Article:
Intra oral radiographs of the maxillary incisors were routinely taken before and after treatment and no root resorptions could be diagnosed in any of the groups. In addition, there was no lateral incisor that interfered with any maxillary canine in eruption during the treatments.

In both groups, the patients showed good to acceptable oral hygiene before and during the treatments. The presence of white spot lesions before and after treatment was also recorded and no new white spot lesion had occurred in the groups.


Main findings

Economic evaluations of orthodontic treatment are seldom presented, but provide important information for planning and management of orthodontic services. This is the first study to evaluate cost-minimization of correction of anterior crossbite by FAs or RAs based on the outcomes of an RCT.

The results reject the initial hypothesis that FA and RA treatment will be equally cost-effective and show that the FA method is the more cost-effective alternative. Thus, comparison of societal costs disclosed that RA treatment was more expensive than FA treatment. This was attributable mainly to the higher material costs in the RA group, including laboratory fabrication of the appliances by a dental technician. Moreover, treatment time was found to be significantly longer in the RA group: this required more appointments, resulting in higher treatment time costs and indirect costs.

Both appliances achieved high success rates for correction of anterior crossbite. However, the RA is highly reliant on patient cooperation: thus in theory, the costs for RA therapy could be even higher in a less compliant patient group than that in the present study.

Side effects like root resorptions and white spot lesions were not found in the groups, and the reason for the infrequent side effects was probably due to the short treatment durations, i.e. mean 5.5 and 6.9 months. In both groups, efforts were made to use as low forces as possible. In the FA group a well-known low force system was used (17) and another study (19) has disclosed successful treatment results in 9–10 year-olds treated with 2×4 FA to correct anterior crossbite.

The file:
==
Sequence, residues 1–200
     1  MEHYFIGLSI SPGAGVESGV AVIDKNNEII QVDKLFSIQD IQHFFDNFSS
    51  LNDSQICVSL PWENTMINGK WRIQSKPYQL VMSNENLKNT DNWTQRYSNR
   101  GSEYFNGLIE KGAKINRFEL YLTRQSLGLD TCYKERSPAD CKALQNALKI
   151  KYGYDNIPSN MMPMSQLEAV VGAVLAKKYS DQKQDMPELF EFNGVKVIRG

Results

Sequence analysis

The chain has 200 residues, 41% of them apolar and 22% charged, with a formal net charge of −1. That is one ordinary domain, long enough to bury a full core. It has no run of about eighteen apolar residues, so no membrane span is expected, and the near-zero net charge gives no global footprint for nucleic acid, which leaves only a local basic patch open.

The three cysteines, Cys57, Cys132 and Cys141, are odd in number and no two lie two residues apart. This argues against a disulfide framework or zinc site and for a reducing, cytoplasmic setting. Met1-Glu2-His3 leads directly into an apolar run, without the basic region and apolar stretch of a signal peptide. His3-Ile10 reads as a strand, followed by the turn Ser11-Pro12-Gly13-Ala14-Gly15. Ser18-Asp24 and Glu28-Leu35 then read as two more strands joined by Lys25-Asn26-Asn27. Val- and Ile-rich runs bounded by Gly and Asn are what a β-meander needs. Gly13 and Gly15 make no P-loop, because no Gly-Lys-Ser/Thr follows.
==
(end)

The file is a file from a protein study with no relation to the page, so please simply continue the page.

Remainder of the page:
For economic evaluations, an RCT offers several advantages. The random allocation of subjects reduces bias and confounding variables by ensuring that both known and unknown determinants of outcome are evenly distributed among the subjects. The prospective design also ensures that such factors as baseline characteristics, treatment progression, treatment time, number of appointments, and side effects can be strictly controlled and accurately observed. In addition, this cost evaluation was based on the ITT approach, meaning that all cases, successful or not, were included in the analysis.

A search of the literature has failed to identify any study comparing the costs of FA and RA therapy for correction of anterior crossbite. However, a recent study of correction of posterior crossbite in the mixed dentition, analysing the cost-effectiveness of FAs and RAs (Quad-helix versus removable expansion plate) disclosed that the FA was more cost-effective (18). Two other recent studies have evaluated costs related to different types of orthodontic retention devices (20, 21). One study, of three equally efficient retention methods, reported that a canine-to-canine retainer was less cost-effective than stripping or a positioner (20). The other study reported that from all perspectives, a vacuum-formed retainer was more cost-effective than a Hawley retainer (21).